010313br0527 resizedToday, the General Assembly approved legislation that affirms the fundamentals of democratic government by letting voters decide who will serve as Illinois' comptroller.

When Judy Baar Topinka, who had just been elected for a second term as comptroller — one of the state's two elected fiscal officers — passed away tragically and unexpectedly in December, state law allowed the governor to choose her successor. Because Governor-elect Rauner, who will take his oath of office on Monday, is authorized to appoint a comptroller for the new term, Illinois could have an unelected individual serving for four years in what the state constitution created as an elected office.

I did not believe this was the right approach, so I was proud to vote in favor of a successful proposal to hold a special election for comptroller in November 2016. Voters will be able to choose someone to serve as comptroller for the next two years at the same time they go to the polls to vote for U.S. president and other offices. The people have a right to determine who represents them in government, and I will always stand up, speak out and vote for that right.

I also continue to support merging the positions of comptroller and treasurer — a move that will save taxpayers $12 million per year and result in better and more efficient government. In the past, I have co-sponsored constitutional amendments that would combine the two offices, and I plan to join my colleague Senator Kwame Raoul in reintroducing this measure next week.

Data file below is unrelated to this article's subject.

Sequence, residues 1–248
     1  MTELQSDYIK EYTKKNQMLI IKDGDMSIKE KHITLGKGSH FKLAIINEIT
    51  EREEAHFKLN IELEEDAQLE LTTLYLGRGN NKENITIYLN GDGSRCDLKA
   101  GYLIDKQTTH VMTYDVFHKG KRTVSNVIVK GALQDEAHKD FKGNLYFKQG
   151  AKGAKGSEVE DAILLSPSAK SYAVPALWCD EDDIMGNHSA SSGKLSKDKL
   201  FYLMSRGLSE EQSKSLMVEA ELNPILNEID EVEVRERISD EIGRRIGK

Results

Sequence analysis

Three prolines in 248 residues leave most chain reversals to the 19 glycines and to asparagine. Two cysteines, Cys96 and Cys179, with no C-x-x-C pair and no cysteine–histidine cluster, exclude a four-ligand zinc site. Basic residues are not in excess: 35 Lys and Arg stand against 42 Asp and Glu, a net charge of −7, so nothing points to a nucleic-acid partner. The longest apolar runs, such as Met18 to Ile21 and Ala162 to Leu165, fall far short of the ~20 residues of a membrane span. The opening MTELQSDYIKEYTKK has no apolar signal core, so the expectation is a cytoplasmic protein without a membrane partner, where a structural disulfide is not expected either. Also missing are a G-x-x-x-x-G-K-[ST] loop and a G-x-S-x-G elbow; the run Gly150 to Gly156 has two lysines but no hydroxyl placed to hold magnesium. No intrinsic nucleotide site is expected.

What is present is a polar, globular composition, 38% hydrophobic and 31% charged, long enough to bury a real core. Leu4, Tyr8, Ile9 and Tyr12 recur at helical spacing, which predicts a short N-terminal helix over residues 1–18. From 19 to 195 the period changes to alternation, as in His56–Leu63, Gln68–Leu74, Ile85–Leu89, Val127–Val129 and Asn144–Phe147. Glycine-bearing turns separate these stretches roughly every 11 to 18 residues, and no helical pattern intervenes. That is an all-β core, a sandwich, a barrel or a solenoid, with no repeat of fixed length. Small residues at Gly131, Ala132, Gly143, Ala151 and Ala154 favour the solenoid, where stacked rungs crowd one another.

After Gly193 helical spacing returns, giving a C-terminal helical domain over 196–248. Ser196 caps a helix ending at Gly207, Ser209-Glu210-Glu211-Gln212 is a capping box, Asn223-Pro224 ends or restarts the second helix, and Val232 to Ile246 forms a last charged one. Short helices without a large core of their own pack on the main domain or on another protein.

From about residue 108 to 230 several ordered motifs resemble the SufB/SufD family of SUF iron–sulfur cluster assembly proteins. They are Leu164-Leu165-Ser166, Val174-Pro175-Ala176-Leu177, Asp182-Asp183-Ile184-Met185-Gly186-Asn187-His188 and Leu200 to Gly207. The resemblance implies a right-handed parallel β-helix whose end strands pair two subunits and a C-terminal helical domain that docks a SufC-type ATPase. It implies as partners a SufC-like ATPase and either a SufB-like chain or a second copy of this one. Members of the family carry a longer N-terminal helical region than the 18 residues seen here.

Crains SB 16 article graphic

Last week, I talked with Crain's Chicago Business about the current state of the housing market in Illinois and how we can improve the law's approach to foreclosures.

In February 2013, a plan I had introduced to help unclog the foreclosure pipeline, keep abandoned properties from blighting neighborhoods and fund foreclosure prevention counseling was signed into law. While new foreclosure filings are down in Illinois overall, some of the hardest-hit neighborhoods are still not seeing relief, and the "fast track" procedure designed to speed the process for boarded-up eyesores is rarely used. I intend to work on tweaking the fast track law so revitalization can occur in our hardest pressed communities, where the housing crisis is not yet in the past.

Graphic credit: Crain's Chicago Business


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